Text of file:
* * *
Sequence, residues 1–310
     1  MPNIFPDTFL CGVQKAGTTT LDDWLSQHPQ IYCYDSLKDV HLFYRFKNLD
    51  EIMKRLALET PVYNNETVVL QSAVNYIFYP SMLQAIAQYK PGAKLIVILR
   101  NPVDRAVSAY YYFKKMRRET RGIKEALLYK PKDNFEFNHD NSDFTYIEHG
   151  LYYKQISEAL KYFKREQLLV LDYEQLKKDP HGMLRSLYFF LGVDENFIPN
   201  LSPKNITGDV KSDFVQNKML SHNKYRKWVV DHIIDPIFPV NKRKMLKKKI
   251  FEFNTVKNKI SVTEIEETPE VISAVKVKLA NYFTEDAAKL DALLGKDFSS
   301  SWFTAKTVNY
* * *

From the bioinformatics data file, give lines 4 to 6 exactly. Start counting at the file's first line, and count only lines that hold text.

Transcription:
   101  NPVDRAVSAY YYFKKMRRET RGIKEALLYK PKDNFEFNHD NSDFTYIEHG
   151  LYYKQISEAL KYFKREQLLV LDYEQLKKDP HGMLRSLYFF LGVDENFIPN
   201  LSPKNITGDV KSDFVQNKML SHNKYRKWVV DHIIDPIFPV NKRKMLKKKI